Changes in spine care Dr. Dalip Pelinkovic wants to see and future trends in the field

Written by Alan Condon | August 26, 2019 | Print  |

Dalip Pelinkovic, MD, is a board certified orthopedic surgeon subspecializing in spine surgery with Suburban Orthopaedics in Chicago. 

Dr. Pelinkovic discusses what changes he'd like to see in spine and what trends he foresees developing in the field.

Question: What changes would you like to see in spine care over the next five to 10 years?

Dr. Dalip Pelinkovic: Less involvement of payers and hospitals in directing spine care. This should be directed by physicians and experts, not by lobbyists or investors. Spine surgeons are closely involved in operative and postoperative care of their patients. Low incidence but high consequence events such as neurological deficits demand immediate accessibility, treatment and close follow up. Healthcare systems and payers are aware that a good spine surgeon will never put quality of care at stake and will provide that for every single one of their patients 24/7. Mostly we provide this service at no additional cost because of ethics and in order to decrease liability.

Raising the awareness among spine surgeons that this can be done in an outpatient setting for the appropriate patient may decrease cost for the patient and should translate in better reimbursement by the healthcare carrier.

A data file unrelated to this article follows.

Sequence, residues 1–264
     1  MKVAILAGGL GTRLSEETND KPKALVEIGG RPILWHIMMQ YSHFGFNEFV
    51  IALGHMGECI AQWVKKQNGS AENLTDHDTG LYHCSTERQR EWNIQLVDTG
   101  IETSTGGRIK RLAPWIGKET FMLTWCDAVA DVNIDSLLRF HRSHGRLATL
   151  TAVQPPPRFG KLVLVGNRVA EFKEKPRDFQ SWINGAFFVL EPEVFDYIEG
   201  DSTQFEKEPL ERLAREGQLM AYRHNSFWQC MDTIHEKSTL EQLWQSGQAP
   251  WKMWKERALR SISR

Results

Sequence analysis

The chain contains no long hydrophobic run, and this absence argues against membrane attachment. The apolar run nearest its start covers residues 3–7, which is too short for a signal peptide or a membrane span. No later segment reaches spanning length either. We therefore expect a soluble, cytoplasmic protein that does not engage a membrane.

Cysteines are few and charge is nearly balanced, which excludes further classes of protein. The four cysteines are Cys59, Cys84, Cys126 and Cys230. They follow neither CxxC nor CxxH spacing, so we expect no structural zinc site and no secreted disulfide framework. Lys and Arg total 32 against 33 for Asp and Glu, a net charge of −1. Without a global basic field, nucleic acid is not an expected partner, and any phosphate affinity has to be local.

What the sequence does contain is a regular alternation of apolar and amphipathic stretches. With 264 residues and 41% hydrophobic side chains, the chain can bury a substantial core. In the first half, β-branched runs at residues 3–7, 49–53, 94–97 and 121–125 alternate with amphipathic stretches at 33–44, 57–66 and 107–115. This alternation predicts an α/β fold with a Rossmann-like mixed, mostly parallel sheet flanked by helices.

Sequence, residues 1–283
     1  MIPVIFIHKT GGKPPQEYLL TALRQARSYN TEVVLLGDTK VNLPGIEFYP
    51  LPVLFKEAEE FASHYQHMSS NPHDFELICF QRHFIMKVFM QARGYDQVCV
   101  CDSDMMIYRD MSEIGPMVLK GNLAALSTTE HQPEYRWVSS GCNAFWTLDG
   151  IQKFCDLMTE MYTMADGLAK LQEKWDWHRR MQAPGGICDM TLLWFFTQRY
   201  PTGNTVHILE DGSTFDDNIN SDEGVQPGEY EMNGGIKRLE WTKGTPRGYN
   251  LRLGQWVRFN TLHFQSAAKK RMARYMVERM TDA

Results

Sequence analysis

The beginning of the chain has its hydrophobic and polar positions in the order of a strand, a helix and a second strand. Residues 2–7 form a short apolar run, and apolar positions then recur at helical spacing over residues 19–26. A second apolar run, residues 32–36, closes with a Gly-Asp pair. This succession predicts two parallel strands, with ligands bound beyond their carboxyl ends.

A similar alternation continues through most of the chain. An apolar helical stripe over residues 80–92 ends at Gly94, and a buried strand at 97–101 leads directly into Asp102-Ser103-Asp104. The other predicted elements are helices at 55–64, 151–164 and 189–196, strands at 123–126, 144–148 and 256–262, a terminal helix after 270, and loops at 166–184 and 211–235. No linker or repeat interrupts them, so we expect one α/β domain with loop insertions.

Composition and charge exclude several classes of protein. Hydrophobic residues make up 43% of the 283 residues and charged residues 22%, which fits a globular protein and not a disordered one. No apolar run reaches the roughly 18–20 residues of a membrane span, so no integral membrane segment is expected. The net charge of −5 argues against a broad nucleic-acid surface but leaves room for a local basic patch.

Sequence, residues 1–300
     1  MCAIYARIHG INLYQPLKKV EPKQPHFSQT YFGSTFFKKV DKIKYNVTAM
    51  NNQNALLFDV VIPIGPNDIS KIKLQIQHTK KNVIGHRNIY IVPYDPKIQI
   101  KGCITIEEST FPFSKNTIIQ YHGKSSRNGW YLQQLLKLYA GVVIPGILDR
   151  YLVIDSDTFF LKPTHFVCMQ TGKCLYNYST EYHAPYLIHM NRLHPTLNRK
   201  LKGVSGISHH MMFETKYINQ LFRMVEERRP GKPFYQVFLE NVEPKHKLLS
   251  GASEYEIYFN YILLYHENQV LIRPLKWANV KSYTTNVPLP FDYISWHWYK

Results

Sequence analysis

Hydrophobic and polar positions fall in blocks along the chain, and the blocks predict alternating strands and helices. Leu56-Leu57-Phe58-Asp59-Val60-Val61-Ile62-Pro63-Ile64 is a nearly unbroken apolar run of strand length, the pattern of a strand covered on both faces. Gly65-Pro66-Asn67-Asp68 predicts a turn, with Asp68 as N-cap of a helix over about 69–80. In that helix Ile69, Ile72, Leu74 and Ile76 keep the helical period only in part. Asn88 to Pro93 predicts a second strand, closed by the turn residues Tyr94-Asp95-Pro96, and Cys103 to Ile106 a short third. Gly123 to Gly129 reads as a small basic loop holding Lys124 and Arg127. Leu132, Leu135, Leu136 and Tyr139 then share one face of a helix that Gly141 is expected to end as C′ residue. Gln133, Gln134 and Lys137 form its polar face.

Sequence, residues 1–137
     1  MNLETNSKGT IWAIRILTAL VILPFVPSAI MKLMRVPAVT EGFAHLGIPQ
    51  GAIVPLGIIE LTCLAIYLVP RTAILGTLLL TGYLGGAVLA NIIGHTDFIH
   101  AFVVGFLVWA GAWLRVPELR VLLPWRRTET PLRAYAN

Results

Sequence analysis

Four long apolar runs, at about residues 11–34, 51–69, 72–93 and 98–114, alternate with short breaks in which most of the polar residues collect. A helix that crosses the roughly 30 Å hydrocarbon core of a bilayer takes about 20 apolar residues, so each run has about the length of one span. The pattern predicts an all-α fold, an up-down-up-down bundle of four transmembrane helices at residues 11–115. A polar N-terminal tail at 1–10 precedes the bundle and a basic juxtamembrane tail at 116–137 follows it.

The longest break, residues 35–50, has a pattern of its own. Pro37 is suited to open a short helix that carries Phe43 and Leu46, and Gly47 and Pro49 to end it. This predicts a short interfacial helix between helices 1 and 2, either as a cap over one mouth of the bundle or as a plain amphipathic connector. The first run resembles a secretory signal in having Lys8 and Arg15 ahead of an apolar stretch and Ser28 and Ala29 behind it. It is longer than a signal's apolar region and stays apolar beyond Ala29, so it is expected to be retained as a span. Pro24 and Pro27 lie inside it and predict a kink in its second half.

Q: Can you tell me some of your non-negotiable patient safety rules?

DP: Access to healthcare. This is a very broad topic. In general patient safety should never be jeopardized at any time in any way. Knowing the patient, diagnosis and pertinent studies is my first safety rule. Proper diagnosis and treatment plan established by the surgeon himself helps to navigate the individual patient through all stages of outpatient surgery. This supersedes all algorithmic OR protocols for obvious reasons. 

Q: What in your opinion is the most important trait for a spine surgeon to exhibit in the operating room?

DP: Situational awareness. In addition to being competent in treating a certain diagnosis with a specific procedure, the most important trait is situational awareness. This allows the surgeon to identify a potential or evolving issue. Without micromanaging the staff, or anesthesia, he should be able to quickly identify and correct shortcomings. 

Q: What do you see as the next big trend in spine?

DP: Simplified, sophisticated surgical instruments and approaches in contrast to technology/industry driven expensive spine care. 

I do think that peel packed sterile implants off the shelf may be a great asset for ASCs. It simplifies logistics, sterilization, reduces trays and OR setup time.

Hand in hand with simplified, sophisticated surgical instruments and approaches, it may eliminate the need of industry driven expensive spine care which necessitates in hospital care. 

More articles on Q+As:
Dr. Christopher Kager, angel venture capital firm eye innovation in healthcare technology
Dr. Robert Gewirtz: AI in spine, changing patient populations and the future of outpatient procedures
Dr. Adam Bruggeman: A spine surgeon's most important OR trait and bundled benchmarks in spine



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